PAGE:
A cold-water fish with a warm heart
Opah are beautiful fish about the size of a car tire, also known as moonfish. Averaging around 100 pounds and 3 feet long when they land at the docks, these fish are silver with pink scales, white spots, red mouths and fins, and large, gold-rimmed eyes.
Opah are the first fish discovered to have a warm heart, meaning they can circulate heated blood throughout their body. This physiological adaptation is linked to a culinary distinction – creating one fish with many types of meat. Opah have seven distinct cuts that range from sashimi-quality top loin to dark, lean flanks that could pass for beef or pork.
Catalina Offshore’s Tommy Gomes breaks down a whole opah
Meet the Fishmonger: Tommy Gomes
Tommy Gomes is a fifth-generation commercial fishermen who was raised working alongside his father, uncles and cousins in San Diego’s historic tuna fleets. Hired by Catalina Offshore in 2003 as a fish filleter, he evolved into the company’s trusted fishmonger and public face. Today he is a beloved fixture in the local food community, recognized across the country as a sustainable seafood advocate and leading voice in seafood education. His pioneering approach to Pacific opah opened a culinary market for several edible parts of the fish that are typically discarded. This has played a key role in Catalina Offshore’s work with NOAA fisheries in broadening the appeal of opah, reducing waste and increasing the value of San Diego fisheries.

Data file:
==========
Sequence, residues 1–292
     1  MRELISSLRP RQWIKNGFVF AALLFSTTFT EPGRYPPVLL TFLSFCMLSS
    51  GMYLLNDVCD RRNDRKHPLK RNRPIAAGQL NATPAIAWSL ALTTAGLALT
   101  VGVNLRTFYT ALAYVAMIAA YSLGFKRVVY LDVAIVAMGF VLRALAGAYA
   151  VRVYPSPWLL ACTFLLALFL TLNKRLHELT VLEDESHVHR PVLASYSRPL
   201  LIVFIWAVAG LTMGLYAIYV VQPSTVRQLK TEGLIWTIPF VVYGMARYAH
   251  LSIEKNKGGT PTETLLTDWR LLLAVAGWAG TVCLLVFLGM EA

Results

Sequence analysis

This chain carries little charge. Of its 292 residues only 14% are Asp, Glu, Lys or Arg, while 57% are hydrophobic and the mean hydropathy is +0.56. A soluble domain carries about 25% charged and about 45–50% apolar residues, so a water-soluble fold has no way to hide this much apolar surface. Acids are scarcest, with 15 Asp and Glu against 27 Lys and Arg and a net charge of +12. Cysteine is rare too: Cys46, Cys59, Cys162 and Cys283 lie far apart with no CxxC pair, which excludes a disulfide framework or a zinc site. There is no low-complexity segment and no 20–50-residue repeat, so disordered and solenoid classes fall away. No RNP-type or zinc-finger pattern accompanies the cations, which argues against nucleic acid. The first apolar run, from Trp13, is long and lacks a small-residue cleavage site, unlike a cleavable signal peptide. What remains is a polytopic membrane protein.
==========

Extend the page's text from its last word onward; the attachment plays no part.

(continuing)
Opah Cutting Guide